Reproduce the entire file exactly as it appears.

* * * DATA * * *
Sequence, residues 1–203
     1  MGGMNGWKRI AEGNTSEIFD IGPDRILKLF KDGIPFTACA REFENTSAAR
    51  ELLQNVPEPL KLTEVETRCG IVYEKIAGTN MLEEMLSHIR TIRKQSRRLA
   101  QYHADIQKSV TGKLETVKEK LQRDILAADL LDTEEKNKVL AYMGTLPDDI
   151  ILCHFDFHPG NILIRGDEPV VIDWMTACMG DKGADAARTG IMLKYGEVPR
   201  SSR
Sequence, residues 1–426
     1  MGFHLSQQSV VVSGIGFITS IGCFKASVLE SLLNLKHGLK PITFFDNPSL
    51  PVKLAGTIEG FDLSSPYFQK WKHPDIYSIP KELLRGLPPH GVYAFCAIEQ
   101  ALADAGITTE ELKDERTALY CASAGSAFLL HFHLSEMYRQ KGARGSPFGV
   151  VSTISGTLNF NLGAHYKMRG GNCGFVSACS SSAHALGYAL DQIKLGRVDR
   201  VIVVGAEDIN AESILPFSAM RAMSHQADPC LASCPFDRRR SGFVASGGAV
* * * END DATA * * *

Sequence, residues 1–203
     1  MGGMNGWKRI AEGNTSEIFD IGPDRILKLF KDGIPFTACA REFENTSAAR
    51  ELLQNVPEPL KLTEVETRCG IVYEKIAGTN MLEEMLSHIR TIRKQSRRLA
   101  QYHADIQKSV TGKLETVKEK LQRDILAADL LDTEEKNKVL AYMGTLPDDI
   151  ILCHFDFHPG NILIRGDEPV VIDWMTACMG DKGADAARTG IMLKYGEVPR
   201  SSR
Sequence, residues 1–426
     1  MGFHLSQQSV VVSGIGFITS IGCFKASVLE SLLNLKHGLK PITFFDNPSL
    51  PVKLAGTIEG FDLSSPYFQK WKHPDIYSIP KELLRGLPPH GVYAFCAIEQ
   101  ALADAGITTE ELKDERTALY CASAGSAFLL HFHLSEMYRQ KGARGSPFGV
   151  VSTISGTLNF NLGAHYKMRG GNCGFVSACS SSAHALGYAL DQIKLGRVDR
   201  VIVVGAEDIN AESILPFSAM RAMSHQADPC LASCPFDRRR SGFVASGGAV